Winter Winds Are Creating Works of Art on the Beaches of Lake Michigan
Beachgoers who didn’t mind throwing on their parka and trekking out to the beaches of Lake Michigan in early January were treated to a truly strange and beautiful sight, courtesy of Mother Nature. One might think they were in a modern art museum as hundreds of sculptures of sand dotted the beach at Tiscornia Park in St. Joseph, Michigan.
“It was like a different planet,” local nature photographer Terri Abbott told Fox 2. “I’ve never seen anything like them, and I spend a lot of time there!” Located on Lake Michigan’s southeastern shore, roughly 190 miles from Detroit, the strange and prehistoric-looking sand pillars dotted the beach. The pillars weren’t manmade of course, but are known as “sand hoodoos.”
Sand hoodoos take their name from their much larger cousins found in canyons where wind, sand, and water have carved away rock over millions of years to create towering stone pillars. The ones found on the shores of Lake Michigan were substantially smaller, coming in at only around 3 to 20 inches in height, according to Live Science.
“They were frozen and hard to the touch. The intricate and ever-so-sharp edges made them each amazing in their own way,” Abbot said. Despite being a regular at the park, Abbot said she’d never seen the sand hoodoos there before.
In order for the sand sculptures to form, physicist Daniel Bonn told Live Science that the right conditions of freezing winter air and wind were needed. “Roughly, I think that there are liquid patches in the sand that freeze when it gets cold,” Bonn explained. Because Lake Michigan’s coast is so windy, when the wind hits these frozen patches of sand, two things take place. Some of the sand in the wind might stick to the frozen patch, and other grains cut through it, ultimately working to carve out the sandcastle-like cylinders.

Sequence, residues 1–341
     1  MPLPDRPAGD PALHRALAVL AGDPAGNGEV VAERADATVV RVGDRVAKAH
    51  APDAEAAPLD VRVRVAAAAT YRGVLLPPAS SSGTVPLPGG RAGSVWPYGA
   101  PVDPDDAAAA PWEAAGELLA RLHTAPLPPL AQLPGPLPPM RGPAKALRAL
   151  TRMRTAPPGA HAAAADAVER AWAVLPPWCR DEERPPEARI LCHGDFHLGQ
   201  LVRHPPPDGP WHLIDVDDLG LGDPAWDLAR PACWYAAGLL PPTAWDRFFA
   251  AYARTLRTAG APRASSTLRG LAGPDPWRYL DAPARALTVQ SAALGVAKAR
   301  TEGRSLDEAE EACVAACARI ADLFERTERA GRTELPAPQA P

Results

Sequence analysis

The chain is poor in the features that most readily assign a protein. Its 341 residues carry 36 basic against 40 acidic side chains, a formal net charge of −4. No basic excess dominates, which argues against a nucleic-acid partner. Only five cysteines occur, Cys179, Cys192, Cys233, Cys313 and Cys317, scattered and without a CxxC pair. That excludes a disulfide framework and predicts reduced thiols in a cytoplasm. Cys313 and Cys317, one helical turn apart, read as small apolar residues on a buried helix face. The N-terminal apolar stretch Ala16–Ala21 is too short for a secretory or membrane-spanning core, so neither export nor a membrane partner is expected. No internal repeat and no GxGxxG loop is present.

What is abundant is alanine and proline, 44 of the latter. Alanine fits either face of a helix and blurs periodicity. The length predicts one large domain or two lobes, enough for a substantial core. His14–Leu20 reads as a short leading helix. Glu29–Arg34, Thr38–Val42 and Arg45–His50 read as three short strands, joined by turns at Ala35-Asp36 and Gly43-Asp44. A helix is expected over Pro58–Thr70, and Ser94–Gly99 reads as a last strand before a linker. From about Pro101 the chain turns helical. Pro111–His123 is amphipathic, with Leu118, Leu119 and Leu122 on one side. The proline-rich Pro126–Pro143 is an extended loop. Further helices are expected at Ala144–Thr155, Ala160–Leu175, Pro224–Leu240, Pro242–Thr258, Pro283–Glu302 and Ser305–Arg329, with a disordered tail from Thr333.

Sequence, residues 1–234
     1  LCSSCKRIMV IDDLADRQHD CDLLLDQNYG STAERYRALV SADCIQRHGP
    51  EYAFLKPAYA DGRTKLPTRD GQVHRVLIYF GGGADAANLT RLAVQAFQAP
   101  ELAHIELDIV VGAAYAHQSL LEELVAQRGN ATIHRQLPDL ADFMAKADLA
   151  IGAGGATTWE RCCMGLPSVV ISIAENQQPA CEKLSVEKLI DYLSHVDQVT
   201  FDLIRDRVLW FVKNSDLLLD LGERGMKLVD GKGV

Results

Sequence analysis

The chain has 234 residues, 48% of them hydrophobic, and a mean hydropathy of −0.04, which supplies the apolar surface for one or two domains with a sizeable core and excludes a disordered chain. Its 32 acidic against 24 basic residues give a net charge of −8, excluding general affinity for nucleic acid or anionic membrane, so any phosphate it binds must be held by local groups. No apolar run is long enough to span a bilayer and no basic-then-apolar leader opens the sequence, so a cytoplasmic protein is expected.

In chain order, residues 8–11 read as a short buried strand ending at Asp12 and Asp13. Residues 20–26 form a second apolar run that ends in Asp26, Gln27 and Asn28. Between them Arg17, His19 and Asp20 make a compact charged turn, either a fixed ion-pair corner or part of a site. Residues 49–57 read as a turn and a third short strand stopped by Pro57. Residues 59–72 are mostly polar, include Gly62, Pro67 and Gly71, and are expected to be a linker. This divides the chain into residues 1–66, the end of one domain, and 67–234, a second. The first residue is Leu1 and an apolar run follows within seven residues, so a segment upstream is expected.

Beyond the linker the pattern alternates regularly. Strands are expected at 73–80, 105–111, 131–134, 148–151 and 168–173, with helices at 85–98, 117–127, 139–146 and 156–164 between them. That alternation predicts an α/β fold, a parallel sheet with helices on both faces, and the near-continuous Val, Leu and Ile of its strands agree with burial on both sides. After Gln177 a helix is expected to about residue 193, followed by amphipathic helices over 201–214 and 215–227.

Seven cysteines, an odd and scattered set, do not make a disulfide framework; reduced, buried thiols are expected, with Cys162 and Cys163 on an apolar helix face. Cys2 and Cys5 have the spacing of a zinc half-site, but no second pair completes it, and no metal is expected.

While the sand hoodoos make for beautiful photos for photographers, like Joshua Nowicki who snapped some incredible pics, they don’t last long. Wind will eventually tear the structures down or temperatures will rise and they’ll crumble.
Michigan has experienced quite a cold winter so far in 2022, much like a significant portion of the United States, so who knows… the sand hoodoos could return. Gusty conditions around the area have dropped the temperature into the single digits on many a night.
For now though, we’ll just have to enjoy the amazing photos of these natural pieces of art. “The fact that they only exist for a short time makes them very special,” Nowicki said. “You have to be there at just the right time to see them when the shape is still well defined.”
Some of the sand hoodoos resemble chess pieces while others look almost otherworldly as if they could be found on a distant alien planet. “Those things aren’t being built up,” Alan Arbogast, the chair of the Geography Department at Michigan State University, told UPI. “Everything around the features that are standing up was eroded from it. Those are the things that are left behind.”